Couple decides to close Cass Lake movie theater
Pattie Reiplinger spent the whole day on Dec. 30 in Bemidji, shopping, having lunch and not returning to her Cass Lake home until after dark.
"Whatever I wanted to do," she said. "I didn't even look at the clock," she said. "I didn't have to worry about being back by 6 o'clock for the theater."
After 12 years of operating the Cass Lake Movie Theater, Pattie Reiplinger, along with her husband, Tim, closed it Dec. 29, following the last showing of "Arthur Christmas."
"I was sad. I had a lot of mixed feelings," Pattie said.
Pattie works as the food service director for the Cass Lake-Bena School District, and together she and Tim run the Highland Inn Seasonal Park.
Meanwhile, Tim, who has served as the fire chief of the Cass Lake Fire Department, began planning to retire. His last day is Sunday.
When the theater was open, Pattie said, she was there every night to get things started and always on-call at home in case there was a problem.
"I started thinking if I could afford it, I would just close down," she said. "I work at school all day, every day. We have the resort and I've been at the theater every night and weekend for 12 years."
Pattie said there are two parties potentially interested in the site. Neither has made a formal offer.
One, she said, is interested in keeping it a theater. The other wants the building and property.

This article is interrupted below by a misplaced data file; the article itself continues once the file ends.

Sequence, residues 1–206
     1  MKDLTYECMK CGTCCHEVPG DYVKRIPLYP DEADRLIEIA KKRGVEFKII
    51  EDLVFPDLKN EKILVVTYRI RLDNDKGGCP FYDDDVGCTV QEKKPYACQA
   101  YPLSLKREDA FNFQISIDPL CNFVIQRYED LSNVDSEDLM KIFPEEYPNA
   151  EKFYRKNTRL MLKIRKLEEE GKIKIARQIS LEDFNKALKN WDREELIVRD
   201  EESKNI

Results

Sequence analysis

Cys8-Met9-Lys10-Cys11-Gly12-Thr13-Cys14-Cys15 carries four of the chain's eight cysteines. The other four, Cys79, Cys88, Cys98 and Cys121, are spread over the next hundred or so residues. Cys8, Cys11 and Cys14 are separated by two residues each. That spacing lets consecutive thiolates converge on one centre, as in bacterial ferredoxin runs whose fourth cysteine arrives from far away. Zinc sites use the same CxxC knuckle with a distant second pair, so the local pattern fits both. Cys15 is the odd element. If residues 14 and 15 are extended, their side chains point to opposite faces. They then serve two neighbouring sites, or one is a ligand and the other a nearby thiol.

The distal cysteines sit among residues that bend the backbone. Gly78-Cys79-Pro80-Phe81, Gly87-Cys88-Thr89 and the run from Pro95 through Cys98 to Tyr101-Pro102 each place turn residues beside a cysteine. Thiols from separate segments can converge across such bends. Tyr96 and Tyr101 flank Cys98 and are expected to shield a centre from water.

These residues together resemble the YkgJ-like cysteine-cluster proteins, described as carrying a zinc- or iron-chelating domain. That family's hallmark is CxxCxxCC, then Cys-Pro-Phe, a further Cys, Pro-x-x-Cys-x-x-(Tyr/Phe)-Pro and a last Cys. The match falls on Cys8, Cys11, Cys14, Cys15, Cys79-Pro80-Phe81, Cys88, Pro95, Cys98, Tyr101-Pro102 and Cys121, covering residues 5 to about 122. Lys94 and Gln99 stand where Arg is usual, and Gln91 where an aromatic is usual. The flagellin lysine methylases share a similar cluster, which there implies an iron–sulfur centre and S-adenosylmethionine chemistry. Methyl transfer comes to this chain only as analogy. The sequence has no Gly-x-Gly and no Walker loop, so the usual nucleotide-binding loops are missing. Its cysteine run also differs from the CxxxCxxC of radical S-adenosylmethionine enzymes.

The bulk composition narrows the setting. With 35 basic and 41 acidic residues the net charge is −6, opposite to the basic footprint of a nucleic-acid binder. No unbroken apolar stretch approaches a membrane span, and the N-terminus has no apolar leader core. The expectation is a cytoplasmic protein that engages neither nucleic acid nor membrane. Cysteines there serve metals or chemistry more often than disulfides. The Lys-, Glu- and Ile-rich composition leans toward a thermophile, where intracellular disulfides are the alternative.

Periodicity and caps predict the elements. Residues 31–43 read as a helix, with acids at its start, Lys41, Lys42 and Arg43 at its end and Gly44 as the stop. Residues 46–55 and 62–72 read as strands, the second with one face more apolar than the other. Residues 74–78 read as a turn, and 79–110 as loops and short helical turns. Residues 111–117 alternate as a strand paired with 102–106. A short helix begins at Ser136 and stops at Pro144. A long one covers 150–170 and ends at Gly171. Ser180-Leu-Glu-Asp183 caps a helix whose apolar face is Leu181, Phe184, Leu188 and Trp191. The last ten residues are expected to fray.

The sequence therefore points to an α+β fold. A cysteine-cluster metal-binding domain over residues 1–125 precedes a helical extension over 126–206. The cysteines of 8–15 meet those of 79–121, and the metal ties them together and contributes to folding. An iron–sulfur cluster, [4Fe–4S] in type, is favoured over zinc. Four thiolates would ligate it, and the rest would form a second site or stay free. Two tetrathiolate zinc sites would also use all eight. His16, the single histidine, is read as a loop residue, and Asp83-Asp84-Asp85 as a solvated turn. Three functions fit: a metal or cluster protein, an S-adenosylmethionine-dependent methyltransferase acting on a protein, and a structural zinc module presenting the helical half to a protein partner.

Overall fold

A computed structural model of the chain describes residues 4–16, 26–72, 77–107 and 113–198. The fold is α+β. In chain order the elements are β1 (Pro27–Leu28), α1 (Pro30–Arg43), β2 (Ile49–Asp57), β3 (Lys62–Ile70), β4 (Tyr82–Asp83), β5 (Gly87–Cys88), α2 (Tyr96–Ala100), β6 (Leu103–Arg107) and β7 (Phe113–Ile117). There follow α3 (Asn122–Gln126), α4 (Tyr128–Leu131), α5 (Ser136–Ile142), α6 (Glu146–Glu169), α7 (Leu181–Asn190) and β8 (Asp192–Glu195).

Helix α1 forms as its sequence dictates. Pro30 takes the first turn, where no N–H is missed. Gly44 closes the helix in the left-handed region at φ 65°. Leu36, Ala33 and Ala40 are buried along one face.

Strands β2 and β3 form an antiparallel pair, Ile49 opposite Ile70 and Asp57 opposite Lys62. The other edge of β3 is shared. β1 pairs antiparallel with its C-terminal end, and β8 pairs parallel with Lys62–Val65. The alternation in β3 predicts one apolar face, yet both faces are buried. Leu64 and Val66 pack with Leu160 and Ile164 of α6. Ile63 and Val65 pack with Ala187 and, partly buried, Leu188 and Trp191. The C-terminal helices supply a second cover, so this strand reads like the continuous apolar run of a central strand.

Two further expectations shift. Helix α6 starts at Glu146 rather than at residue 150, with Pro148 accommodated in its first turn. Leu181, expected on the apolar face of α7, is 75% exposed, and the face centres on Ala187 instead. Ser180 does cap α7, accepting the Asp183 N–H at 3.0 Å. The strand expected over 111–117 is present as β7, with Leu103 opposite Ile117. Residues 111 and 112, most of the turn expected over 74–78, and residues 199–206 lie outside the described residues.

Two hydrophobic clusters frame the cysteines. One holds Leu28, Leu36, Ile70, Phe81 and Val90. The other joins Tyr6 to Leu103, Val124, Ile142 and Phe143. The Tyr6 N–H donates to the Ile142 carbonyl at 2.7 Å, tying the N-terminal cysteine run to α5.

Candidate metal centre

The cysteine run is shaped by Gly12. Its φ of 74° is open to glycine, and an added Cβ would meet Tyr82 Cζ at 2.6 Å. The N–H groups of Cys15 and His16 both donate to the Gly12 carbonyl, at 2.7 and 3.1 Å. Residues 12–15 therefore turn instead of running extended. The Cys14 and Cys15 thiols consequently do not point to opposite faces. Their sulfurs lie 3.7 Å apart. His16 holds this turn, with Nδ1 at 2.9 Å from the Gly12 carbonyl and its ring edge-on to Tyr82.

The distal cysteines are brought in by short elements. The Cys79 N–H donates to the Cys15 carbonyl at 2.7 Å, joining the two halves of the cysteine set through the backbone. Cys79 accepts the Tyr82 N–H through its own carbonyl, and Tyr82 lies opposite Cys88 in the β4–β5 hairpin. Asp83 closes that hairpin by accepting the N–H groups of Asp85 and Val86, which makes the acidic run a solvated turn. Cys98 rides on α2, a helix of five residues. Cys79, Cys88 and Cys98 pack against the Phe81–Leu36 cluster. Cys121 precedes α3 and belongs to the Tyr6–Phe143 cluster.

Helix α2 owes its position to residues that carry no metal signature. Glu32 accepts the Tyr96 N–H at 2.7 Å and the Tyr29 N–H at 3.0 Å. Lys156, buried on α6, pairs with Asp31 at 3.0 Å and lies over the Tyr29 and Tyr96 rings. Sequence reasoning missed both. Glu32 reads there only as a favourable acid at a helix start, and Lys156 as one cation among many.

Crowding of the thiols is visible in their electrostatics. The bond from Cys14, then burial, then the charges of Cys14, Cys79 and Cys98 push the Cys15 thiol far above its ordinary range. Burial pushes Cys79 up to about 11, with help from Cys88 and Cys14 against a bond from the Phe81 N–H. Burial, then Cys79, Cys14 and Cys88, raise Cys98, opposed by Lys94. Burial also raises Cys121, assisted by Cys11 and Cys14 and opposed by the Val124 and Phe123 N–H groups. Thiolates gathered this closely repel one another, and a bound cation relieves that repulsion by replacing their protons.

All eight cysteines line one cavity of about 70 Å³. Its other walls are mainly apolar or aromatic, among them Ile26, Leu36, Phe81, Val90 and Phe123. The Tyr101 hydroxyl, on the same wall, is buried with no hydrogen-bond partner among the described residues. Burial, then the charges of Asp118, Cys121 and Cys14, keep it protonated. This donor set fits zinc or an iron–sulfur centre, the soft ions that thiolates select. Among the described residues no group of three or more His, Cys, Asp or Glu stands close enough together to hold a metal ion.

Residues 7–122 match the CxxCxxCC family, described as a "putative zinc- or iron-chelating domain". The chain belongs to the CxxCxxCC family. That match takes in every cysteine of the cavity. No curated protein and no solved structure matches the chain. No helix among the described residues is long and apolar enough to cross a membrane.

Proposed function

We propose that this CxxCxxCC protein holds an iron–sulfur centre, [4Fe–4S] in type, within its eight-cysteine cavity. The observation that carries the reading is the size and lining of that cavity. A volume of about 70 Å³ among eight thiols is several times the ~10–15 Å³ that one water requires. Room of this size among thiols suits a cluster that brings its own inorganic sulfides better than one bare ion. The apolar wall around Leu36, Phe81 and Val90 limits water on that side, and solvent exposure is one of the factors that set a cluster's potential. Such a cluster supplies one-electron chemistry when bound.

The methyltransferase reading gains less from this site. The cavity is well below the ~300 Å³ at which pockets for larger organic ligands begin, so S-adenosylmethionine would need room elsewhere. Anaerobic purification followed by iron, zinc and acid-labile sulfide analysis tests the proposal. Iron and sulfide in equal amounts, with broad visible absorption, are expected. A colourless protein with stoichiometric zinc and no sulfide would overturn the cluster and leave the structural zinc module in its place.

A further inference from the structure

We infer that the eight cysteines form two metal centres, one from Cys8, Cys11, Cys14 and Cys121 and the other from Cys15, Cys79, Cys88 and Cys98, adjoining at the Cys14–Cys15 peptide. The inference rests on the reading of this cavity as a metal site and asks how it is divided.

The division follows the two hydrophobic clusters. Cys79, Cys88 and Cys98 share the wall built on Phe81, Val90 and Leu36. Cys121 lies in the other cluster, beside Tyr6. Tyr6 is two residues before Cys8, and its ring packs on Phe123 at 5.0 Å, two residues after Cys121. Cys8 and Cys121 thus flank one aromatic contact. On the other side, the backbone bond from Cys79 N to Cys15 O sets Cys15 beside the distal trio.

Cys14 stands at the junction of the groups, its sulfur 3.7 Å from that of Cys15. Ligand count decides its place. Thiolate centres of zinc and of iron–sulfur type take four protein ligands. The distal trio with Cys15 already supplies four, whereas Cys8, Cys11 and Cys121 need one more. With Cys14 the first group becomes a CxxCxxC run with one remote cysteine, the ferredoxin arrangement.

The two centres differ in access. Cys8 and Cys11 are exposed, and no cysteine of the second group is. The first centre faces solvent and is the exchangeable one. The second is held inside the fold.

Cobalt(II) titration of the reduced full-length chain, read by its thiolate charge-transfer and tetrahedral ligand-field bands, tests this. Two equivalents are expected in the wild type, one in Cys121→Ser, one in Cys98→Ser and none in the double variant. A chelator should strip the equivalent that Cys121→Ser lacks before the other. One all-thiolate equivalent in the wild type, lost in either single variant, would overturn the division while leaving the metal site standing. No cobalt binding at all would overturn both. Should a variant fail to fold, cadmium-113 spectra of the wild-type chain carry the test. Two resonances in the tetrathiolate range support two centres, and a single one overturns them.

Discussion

Pattie herself is open to the idea, perhaps, of reopening the theater for the summer months, if it is not sold before then.
"But I might not, too," she said. "I might really enjoy this."
The resort is a retirement community that draws people from all over the world - one couple teaches in China and lives in Cass Lake during the summer. In the past, Pattie said, she has missed out on the evening campfires and potlucks because she has to be at the theater.
"I want to do some of that," she said. "I'm looking forward to that."
The Reiplingers opened the theater 12 years ago. But Pattie, actually, had been thinking about doing so about a decade earlier. While her three sons were in school, she suggested that they open a movie theater, run it and use the proceeds for college. But no one was interested.
About 10 years later, she still had not given up on the idea.
"I really wanted to do that, to build a theater here," she said.
She had grown up meeting friends for Saturday night movies and she wanted Cass Lake kids to have the same opportunity, , Pattie said,.
"I raised three boys here, and there was never anything for them to do," she said. "You had to drive to Bemidji."
So the Reiplingers opened the theater.
Pattie and Tim did much of the work themselves. For instance, when Pattie heard the "ridiculous" cost for the necessary curtains, she ordered special fabric from New York and she and her mother made them. Also, the company that provided the movie screen talked her and Tim through how to install it themselves to save money. And, the company in charge of setting up the projector and sound systems agreed to send just one staffer and allow the Reiplingers to provide the additional labor.
"It was hilarious when I think back on it," Pattie said. "But I loved it."
The goal always was to keep costs low so ticket prices would be reasonable. One family, after the theater opened, told Pattie that thanks to the Cass Lake theater they could afford to not only take the whole family to the movies but to also share a pop and popcorn.
"And that just really made my heart feel good," Pattie said. "That's why I built it."